Given that all of that is working (whew!)… it’s time to stick Envoy in front of everything, so it can manage routing when we start scaling the front end. As we discussed in the previous article, this means that we have an edge Envoy and an application Envoy, each of which needs is own configuration. We’ll crank up the edge Envoy first.

    Since the edge Envoy runs in its own container, we’ll need a separate Docker image for it. Here’s the Dockerfile:

    FROM lyft/envoy:latest
                    RUN apt-get update && apt-get -q install -y
                        curl
                        dnsutils
                    COPY envoy.json /etc/envoy.json
                    CMD /usr/local/bin/envoy -c /etc/envoy.json
                    

    which is to say, we take lyft/envoy:latest, copy in our own Envoy config, and start Envoy running.

    Our edge Envoy’s config is fairly simple, too, since it only needs to proxy any URL starting with /user to our usersvc. Here’s how you set up virtual_hosts for that:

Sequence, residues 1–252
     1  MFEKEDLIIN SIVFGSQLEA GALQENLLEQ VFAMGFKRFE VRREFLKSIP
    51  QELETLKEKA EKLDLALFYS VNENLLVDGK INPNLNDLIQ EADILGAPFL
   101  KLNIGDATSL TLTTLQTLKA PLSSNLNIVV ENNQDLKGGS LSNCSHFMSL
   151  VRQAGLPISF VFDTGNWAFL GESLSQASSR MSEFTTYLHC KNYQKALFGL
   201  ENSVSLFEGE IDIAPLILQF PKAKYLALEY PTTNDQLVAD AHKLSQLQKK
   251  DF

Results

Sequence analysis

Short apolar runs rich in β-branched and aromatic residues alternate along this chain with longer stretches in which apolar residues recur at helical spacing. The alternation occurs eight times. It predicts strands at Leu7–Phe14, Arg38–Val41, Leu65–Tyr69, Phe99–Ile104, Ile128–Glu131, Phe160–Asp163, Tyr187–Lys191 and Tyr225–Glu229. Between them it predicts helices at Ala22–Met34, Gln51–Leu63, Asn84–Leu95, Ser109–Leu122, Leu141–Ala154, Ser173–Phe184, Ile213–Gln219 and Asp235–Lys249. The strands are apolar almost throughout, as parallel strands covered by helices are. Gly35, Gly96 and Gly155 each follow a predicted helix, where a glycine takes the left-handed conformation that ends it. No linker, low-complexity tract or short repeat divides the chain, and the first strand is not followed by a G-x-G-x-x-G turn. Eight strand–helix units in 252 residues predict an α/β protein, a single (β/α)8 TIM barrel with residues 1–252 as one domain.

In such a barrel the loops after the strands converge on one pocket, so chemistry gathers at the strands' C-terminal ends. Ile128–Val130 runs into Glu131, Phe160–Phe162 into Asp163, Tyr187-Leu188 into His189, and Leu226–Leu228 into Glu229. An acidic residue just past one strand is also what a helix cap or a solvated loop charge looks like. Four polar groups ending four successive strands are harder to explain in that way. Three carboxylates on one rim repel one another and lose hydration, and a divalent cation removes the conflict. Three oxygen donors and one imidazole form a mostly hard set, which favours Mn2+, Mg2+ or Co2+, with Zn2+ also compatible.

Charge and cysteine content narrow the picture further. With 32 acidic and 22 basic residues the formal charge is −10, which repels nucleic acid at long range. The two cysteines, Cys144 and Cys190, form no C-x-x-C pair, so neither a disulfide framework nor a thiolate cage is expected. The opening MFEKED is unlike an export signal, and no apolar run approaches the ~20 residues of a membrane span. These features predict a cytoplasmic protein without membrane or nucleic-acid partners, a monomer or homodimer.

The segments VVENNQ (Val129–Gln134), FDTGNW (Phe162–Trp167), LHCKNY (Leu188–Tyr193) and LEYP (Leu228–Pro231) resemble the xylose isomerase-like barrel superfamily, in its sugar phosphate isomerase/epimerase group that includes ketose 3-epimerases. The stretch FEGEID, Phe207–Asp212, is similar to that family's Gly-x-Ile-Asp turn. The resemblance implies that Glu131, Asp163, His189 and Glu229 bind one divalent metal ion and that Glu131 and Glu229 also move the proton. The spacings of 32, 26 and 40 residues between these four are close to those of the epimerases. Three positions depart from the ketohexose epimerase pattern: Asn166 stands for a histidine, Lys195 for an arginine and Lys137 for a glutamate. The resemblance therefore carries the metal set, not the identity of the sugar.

"virtual_hosts": [
                      {
                        "name": "service",
                        "domains": [ "*" ],
                        "routes": [
                          {
                            "timeout_ms": 0,
                            "prefix": "/user",
                            "cluster": “usersvc"
                          }
                        ]
                      }
                    ]
                    

    and here’s the related clusters section:

    "clusters": [
                      {
                        "name": “usersvc”,
                        "type": "strict_dns",
                        "lb_type": "round_robin",
                        "hosts": [
                          {
                            "url": “tcp://usersvc:80”
                          }
                        ]
                      }
                    ]
                    

    Note that we’re using strict_dns, which means that we’re relying on every instance of the usersvc appearing in the DNS. We’ll find out if this actually works shortly!

    As usual, you can get the edge Envoy running with a single command: